The Next Big Thing in Health is Your Exposome and KEEPING IN MIND AVOGADRO’S NUMBER

The article [below] just appeared online, at Many different feelings surfaced –– when I read this. First, “exposome” is yet-another catchy buzzword for what many environmental toxicologists have been doing for decades (without having this cute name). But everything since “genome, genomics” that started ~1990 –– must rhyme (e.g. at this web site, you can see a list of 44 such ‘research fields’).

Second, as stated by Michael Snyder in this article, “A limitation of our study is we don’t know the absolute amounts of exposures; we only know relative amounts.” This concept reminds us of the Linear No-Threshold (LNT) Model that has adorned these GEITP pages for much of the last decade. Paracelsus (1493-1541) summed it up best “Alle Dinge sind Gift, und nichts ist ohne Gift; allein die dosis machts, daß ein Ding kein Gift sei” –– roughly translated “Everything is poison, and there’s nothing that’s not poison; it’s Dose alone that makes any one thing poisonous or not.”

In 1956 the National Academy of Sciences-National Research Council (NAS-NRC) established the Committee on the Biological Effects of Atomic Radiation (denoted the BEAR Committee) –– which was the forerunner of the subsequent NAS-NRC committees on the Biological Effects of Ionizing Radiation (BEIR committees). Periodically since the 1950s the BEIR Committee has published updates, the latest one being BEIR VII, Phase 2, 2oo6: “Health Risks from Exposure to Low Levels of Ionizing Radiation, Phase 2.” For the previous many discussions about the BEIR Committees, and the LNT Model, please refer to and search for ‘LNT Model’.


The Next Big Thing in Health is Your Exposome

From sewer sludge to mosquito repellant, one scientist is exploring how daily exposures determine our health

Go to the profile of Veronique Greenwood

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Our health is a combination of genetics and environment. Maybe someone’s genes make them vulnerable to high blood pressure, for example, but by watching what they eat — in effect, controlling their body’s environment — they can keep their numbers within normal levels.

Right now, we know a lot about the genetics side of this combination, as an explosion of research has yielded incredible detail about people’s genetic profiles. We also have insight into how our internal bacterial environments — the microbiome in our gut — impact our health. But the environmental piece of the puzzle is still fuzzy. We don’t measure all the chemicals we encounter each day, from the microscopic fungi on a walk to the car exhaust on a highway.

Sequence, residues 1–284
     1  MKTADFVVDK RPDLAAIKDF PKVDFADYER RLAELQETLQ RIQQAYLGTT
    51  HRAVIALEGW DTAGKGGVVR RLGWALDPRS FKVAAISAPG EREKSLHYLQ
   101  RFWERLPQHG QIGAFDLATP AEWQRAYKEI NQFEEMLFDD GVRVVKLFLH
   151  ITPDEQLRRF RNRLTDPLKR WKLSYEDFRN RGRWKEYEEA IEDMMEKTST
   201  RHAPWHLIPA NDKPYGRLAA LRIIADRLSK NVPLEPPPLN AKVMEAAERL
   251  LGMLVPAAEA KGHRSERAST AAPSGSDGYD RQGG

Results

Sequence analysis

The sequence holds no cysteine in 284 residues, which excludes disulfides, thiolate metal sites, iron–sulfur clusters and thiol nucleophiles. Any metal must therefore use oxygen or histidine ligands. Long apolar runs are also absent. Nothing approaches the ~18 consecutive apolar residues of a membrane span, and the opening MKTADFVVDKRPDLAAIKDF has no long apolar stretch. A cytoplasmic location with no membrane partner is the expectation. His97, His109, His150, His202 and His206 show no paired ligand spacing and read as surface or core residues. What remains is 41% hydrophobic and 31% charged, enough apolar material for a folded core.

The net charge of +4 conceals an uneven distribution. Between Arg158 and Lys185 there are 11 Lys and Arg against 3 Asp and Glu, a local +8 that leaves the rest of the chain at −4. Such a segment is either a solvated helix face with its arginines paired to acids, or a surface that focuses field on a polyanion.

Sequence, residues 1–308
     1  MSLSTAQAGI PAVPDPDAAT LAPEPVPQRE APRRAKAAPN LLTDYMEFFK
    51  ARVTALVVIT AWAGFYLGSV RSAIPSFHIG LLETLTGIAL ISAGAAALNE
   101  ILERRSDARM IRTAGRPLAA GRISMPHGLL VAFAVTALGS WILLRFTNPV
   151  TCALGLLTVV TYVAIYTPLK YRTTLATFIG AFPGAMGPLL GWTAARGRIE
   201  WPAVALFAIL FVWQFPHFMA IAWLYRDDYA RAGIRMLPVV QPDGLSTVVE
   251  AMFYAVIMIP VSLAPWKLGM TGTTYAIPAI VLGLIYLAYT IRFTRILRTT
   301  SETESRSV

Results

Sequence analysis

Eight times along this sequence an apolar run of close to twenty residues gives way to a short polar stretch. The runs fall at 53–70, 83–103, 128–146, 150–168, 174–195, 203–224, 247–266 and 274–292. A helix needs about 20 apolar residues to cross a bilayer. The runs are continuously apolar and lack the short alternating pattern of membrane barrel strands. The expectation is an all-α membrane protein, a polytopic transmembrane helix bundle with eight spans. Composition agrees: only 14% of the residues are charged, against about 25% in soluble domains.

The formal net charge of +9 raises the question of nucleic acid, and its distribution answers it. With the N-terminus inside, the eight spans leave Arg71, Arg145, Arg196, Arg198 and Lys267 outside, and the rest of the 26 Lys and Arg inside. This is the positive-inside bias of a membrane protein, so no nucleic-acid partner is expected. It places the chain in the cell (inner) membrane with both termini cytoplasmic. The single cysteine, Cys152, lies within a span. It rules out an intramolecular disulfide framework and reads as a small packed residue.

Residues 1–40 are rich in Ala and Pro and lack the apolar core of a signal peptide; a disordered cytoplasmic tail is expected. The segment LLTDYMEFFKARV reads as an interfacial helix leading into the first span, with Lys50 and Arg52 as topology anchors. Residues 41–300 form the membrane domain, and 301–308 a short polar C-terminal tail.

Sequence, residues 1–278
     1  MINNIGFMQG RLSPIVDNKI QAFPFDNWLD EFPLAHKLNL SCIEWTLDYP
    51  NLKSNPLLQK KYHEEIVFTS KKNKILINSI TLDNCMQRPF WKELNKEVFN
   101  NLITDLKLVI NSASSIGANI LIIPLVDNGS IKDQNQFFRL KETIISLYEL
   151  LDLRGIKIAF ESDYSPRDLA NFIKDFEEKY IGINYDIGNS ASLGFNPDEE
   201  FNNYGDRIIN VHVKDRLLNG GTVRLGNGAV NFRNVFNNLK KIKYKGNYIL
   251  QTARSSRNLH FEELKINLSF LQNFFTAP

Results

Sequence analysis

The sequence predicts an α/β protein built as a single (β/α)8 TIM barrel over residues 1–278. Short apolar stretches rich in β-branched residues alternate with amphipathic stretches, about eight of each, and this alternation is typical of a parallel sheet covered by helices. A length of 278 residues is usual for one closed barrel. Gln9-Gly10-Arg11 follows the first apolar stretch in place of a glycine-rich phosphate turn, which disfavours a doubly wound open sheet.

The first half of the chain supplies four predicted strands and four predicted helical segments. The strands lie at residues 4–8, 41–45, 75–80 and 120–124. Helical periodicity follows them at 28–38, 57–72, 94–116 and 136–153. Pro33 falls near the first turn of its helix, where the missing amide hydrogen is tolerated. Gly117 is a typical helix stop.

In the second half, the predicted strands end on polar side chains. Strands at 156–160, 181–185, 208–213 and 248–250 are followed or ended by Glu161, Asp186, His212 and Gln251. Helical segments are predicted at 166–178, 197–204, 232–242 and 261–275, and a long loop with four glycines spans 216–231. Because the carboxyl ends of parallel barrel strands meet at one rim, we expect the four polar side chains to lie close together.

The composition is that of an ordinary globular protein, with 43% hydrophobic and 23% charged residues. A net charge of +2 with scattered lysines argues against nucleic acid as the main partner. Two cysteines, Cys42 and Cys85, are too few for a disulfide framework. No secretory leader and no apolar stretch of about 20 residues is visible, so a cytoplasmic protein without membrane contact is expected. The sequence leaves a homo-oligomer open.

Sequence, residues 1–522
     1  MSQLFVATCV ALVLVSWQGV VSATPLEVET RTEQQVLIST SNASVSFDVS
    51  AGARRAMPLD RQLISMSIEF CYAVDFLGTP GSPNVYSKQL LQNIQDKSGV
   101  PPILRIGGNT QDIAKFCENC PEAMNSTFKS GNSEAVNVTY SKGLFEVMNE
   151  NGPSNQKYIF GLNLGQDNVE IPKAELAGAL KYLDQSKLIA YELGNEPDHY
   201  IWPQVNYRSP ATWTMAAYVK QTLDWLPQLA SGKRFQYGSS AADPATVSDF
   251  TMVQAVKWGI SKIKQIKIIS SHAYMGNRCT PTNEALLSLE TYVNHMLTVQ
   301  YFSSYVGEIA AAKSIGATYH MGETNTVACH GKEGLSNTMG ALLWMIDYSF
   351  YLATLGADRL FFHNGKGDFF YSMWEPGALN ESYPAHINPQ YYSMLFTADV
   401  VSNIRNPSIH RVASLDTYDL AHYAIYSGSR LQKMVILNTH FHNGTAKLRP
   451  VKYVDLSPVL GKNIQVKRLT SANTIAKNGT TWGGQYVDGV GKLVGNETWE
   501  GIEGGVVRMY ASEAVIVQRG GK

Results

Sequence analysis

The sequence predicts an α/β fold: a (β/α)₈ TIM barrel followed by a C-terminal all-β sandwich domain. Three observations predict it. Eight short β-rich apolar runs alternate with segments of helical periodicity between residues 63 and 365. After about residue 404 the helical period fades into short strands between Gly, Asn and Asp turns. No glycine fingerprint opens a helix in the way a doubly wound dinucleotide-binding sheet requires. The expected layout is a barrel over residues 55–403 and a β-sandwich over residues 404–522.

That is, most people don’t.

Michael Snyder, a Stanford biologist and pioneer in genomics, does. For the past several years, Snyder has been wearing a device he invented that measures the environment around him. It’s part of his quest to learn how the environment impacts our health by studying what he calls people’s “exposomes,” or the various air particles, pollutants, viruses, and more that we come into contact with each day.

In a recent paper in the journal Cell, Snyder and his colleagues describe what they’ve learned from affixing 15 people with these air-monitoring devices for up to 890 days. Each device is about the size of a big matchbox, and contains filters that trap particulates, chemicals, and microbes from the air around it. Medium talked to Snyder about the study, the exposome, and his own self-monitoring discoveries.
This is not your first foray into detailed self-monitoring. A few years ago you were monitoring your own blood over the course of 14 months, and you detected the onset of your own diabetes, right?

Michael Snyder: Yes. The monitoring started when I was doing genome sequencing and other profiles — like gene expression — on myself, 8 years ago. I was using myself as a test subject to get the technology going — I didn’t know I’d be interesting! Then I got diabetes. My genome predicted it, and I got the disease over the course of this profiling. These types of measurements helped me catch the onset of the disease and gave a much more detailed picture of people’s health.

With these techniques — like regular testing of blood for changes in gene expression and other readouts — we’re following a group of 109 folks now, many of them for four-and-a-half years or longer. We added wearables about five years ago to continuously monitor physiology, things like heart rate and blood oxygen levels. It helped me figure out when I got Lyme disease, actually. I was with my brother in rural Massachusetts putting up fences, and two weeks later I flew to Norway. When you fly, your blood oxygen levels will drop, but they usually recover after you land. Mine didn’t. And my heart rate was abnormally high. I got a low-grade fever and went to a doctor, who told me I had a bacterial infection. I told him I thought it was Lyme. He recommended penicillin, but I said I think I need doxycycline, which is what you take for Lyme. I measured myself when I got home, and sure enough, I was Lyme positive. It was a perfectly controlled experiment, because I’d given blood before I left and I was negative then.

We want to bring big data into health; that’s the motivation. I think the way we do medicine now is very primitive, compared to what it could be. Everybody is focused on disease, but we want to focus on health and transitions to disease. We’ve written algorithms based on the data we’ve collected, and we now think we tell can when you get sick before you realize it, because your heart rate goes up. We’ve shown that on myself and three other people. We’re now trying to set up a 1,000-person study to learn more.
How does your new research — which focuses on what you call the “exposome,” meaning the sum total of everything you are exposed to — fit into this picture?

That area has been a big hole. We know you’re affected by your genes and your environment, but nobody is capturing the environment individually. Nobody carries around something on their sleeve to monitor their exposure.

We took a standard high-end air monitor and re-engineered it. The monitor has a pump that sucks up about one-fifteenth of the air you breathe. We put a submicron filter on the monitor to collect all the particulates in the air. Under that we have a cartridge with a chemical absorbent. We take that filter and elute off the particulates, and sequence, incredibly deeply, the DNA and RNA that’s there. Then we match it up against a custom database with 40,000 species of microorganisms, viruses, plants, and animals. We can see exactly what you’re getting exposed to from the biological side. Then from the chemical absorbent, we elute that off and run it through a mass spectrometer. We see all the chemical structures.